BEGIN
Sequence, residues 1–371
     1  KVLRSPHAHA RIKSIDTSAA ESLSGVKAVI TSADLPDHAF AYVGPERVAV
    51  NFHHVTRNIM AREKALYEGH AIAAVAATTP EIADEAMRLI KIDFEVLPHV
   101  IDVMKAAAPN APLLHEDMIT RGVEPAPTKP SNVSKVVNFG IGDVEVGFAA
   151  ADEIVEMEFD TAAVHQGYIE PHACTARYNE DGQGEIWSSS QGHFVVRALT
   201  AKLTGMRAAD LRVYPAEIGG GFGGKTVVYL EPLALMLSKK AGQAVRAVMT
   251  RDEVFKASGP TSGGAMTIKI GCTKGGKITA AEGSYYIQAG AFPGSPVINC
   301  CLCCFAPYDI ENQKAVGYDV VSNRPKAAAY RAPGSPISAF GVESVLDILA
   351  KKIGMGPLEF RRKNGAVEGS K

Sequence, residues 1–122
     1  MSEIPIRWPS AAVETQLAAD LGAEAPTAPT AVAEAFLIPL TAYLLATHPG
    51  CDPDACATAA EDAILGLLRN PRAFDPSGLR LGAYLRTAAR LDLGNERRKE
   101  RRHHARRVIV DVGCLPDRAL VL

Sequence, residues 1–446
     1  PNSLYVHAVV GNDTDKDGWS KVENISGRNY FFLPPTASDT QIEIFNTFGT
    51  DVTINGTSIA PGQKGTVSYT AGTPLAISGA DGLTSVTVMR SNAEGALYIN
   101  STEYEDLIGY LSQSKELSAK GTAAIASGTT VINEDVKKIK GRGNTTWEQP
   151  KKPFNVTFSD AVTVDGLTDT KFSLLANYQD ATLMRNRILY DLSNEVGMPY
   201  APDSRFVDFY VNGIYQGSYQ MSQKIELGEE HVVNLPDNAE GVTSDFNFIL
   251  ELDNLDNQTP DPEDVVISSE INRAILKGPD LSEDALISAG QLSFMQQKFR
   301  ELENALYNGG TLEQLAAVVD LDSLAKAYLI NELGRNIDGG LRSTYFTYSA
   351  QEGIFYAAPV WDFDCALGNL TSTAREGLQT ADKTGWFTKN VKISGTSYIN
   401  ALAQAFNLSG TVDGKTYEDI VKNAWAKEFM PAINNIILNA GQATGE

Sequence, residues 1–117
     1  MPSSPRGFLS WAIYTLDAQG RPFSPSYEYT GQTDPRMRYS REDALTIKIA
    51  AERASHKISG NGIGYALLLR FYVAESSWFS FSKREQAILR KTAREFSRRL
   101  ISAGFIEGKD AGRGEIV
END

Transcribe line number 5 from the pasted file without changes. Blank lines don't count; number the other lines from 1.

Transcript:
   151  ADEIVEMEFD TAAVHQGYIE PHACTARYNE DGQGEIWSSS QGHFVVRALT